One of the ways to keep games interesting for both players and spectators is to have quantum effects in the criteria for success.
A quantum effect is created when success or failure in a game is made to depend on a sharply delineated result according to a strict category criterion. The game of golf provides a useful example of this. No golf shot is definitively good except the ones that end with the ball in the hole rather than somewhere else.
Continue reading “Quantum Golf”
As promised, a notorious example of using the fresh start technique to add interest to a professional sports problem. In the Major League Baseball season of 1981, the need to maintain interest in the season with a fresh start tempted tournament organizers to compromise all three of the maxims of tournament design.
A strike by the players resulted in the cancellation of about a third of the 1981 season. In order to recoup some of the revenue lost during the strike, when play resumed it was announced that there would be an additional round to the post-season playoffs, pitting the winner of the first half of the season against the winner of the second half. This arrangement threatened to compromise all three of the maxims.
Continue reading “The Summer of ’81”
To win a match in a high-level professional tennis tournament, you need to win about 100 points (unless the match is in the men’s draw at one of the majors, in which case you’ll need about 150). So it should be possible to simplify the famously elaborate scoring system for tennis, and possible make the game more fair. Why fuss with love-15-30-40, with deuce and advantage, with games, tiebreakers, and sets? Why not just tally up the number of points won – first to 100 is the winner?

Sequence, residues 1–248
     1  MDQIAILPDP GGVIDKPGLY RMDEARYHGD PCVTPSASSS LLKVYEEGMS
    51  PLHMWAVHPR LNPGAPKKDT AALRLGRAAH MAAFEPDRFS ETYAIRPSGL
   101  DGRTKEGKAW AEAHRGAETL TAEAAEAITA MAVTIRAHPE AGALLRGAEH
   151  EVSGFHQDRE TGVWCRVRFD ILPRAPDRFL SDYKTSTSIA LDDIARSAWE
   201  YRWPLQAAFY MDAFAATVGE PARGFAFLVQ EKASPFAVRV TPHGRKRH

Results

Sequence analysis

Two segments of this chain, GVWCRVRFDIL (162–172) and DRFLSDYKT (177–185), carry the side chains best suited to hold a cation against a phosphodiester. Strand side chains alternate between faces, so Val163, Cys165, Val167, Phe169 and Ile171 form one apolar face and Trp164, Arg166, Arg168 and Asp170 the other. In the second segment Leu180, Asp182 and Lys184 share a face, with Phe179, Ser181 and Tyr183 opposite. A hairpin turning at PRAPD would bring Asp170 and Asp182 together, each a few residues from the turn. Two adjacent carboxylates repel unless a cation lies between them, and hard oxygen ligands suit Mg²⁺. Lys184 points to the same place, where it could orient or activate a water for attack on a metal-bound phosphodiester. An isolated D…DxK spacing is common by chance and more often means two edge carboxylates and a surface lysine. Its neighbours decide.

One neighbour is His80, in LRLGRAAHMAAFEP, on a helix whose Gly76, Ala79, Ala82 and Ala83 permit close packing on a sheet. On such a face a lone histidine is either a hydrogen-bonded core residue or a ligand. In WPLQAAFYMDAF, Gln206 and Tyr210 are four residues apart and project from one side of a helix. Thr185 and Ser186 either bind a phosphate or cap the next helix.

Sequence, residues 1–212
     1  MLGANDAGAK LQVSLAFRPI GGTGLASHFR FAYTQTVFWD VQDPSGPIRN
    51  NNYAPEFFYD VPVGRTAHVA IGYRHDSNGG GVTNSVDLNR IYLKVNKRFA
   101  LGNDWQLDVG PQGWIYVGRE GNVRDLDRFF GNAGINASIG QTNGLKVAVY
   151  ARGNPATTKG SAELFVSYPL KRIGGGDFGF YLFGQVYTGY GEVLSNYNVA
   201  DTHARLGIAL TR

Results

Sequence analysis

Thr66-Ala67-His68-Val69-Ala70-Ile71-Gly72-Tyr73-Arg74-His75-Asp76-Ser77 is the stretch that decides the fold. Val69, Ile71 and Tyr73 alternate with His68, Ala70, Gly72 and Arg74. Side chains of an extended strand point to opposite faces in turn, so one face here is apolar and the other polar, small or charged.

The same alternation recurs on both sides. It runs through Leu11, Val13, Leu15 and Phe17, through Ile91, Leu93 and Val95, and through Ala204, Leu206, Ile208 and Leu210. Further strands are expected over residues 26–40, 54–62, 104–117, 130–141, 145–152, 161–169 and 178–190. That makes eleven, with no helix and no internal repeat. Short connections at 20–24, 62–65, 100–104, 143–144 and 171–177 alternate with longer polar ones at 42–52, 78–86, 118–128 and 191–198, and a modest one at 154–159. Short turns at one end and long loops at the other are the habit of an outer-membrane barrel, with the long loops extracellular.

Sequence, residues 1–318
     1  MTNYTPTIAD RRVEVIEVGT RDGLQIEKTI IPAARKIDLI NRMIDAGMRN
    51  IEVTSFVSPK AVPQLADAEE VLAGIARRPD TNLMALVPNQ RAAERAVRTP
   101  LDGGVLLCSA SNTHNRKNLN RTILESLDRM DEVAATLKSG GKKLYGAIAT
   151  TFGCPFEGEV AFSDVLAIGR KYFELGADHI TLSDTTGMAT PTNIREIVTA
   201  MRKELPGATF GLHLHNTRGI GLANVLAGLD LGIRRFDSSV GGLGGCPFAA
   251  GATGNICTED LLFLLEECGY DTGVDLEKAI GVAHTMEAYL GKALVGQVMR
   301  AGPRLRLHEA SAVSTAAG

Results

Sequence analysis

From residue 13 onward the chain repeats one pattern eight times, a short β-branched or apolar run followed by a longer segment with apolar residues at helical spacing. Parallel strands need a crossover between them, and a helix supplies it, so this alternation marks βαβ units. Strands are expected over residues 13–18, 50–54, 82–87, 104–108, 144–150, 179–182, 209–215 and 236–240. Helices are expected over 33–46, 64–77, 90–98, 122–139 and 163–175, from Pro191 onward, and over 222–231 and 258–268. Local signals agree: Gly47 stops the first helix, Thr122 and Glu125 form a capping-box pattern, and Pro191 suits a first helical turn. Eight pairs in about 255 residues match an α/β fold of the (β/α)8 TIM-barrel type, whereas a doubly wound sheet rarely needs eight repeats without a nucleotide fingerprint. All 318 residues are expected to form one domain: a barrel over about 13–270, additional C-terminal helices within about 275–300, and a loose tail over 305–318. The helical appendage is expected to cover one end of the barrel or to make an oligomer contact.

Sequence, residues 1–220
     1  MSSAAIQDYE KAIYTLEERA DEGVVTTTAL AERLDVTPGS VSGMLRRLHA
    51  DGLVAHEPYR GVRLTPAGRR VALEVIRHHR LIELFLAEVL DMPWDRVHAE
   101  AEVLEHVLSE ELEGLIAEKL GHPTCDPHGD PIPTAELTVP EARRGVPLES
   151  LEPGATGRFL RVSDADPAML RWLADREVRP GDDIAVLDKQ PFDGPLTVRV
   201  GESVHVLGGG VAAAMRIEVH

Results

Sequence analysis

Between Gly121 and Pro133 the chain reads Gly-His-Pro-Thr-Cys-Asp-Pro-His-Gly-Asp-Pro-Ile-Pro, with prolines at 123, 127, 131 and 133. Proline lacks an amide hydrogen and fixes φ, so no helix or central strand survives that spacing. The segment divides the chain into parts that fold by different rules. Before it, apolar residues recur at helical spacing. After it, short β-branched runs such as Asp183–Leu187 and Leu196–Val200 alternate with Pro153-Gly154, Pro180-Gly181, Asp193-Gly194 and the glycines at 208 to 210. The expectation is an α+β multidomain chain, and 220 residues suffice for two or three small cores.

That’s a really bad idea, a recipe for truly boring tennis.
The scoring system for tennis is of the best examples of two related techniques for keeping it interesting: the fresh start, and the quantum effect. I’ll write more about the quantum effect in a future post, but for now let’s focus on the fresh start.
Continue reading “Hope Springs Eternal, at Least in Tennis”
Professional games and sports need to be organized so that the competition is interesting to watch. And one frequent way to do this is to keep the ultimate outcome of an individual contest in doubt for as long as possible. The techniques for doing this often compromise fairness and other values.
Continue reading “Keeping It Interesting”
In other posts, I’ve been at some pains to define some essential words, such as “game”, “sport”, and “fairness”. But if there’s one concept at the heart of tourneygeek, it is “tournament”. Defining that word proves a bit difficult.
Continue reading “What is a Tournament?”
I’m running for the Board of Directors of the United States Backgammon Federation, or USBGF. In connection with this, I’m hoping for a small influx of readers interested specifically in what this blog has to say about backgammon. This page provides a starting point.
Continue reading “Backgammon Content on Tourneygeek”
National Basketball Association Commissioner Adam Silver has floated the idea of changing the way that teams qualify and are seeded in the NBA playoffs. Instead of qualifying eight of the fifteen teams in each conference, and seeding those eight into separate knock-out bracket, with the winners of those two brackets playing in the finals for the championship, perhaps the league should qualify the 16 teams with the best record, regardless of conference, into a single 16 bracket.
The reason that alternatives are sought is that the two conferences of the NBA are widely regarded as being badly our of balance. According to the gnomes at fivethirtyeight.com, eight of the nine best teams in the league, including the top three, are in the Western conference.
One of the possible objections, anticipated by Mr. Silver himself, is that the regular season schedule is not balanced between the two conferences. In the 82-game season, each team plays each other team in the league at least twice, but each team plays ten of the teams in its own conference four times, and the other four in-conference teams thrice. Is this a problem?
Continue reading “Remaking the NBA Playoffs”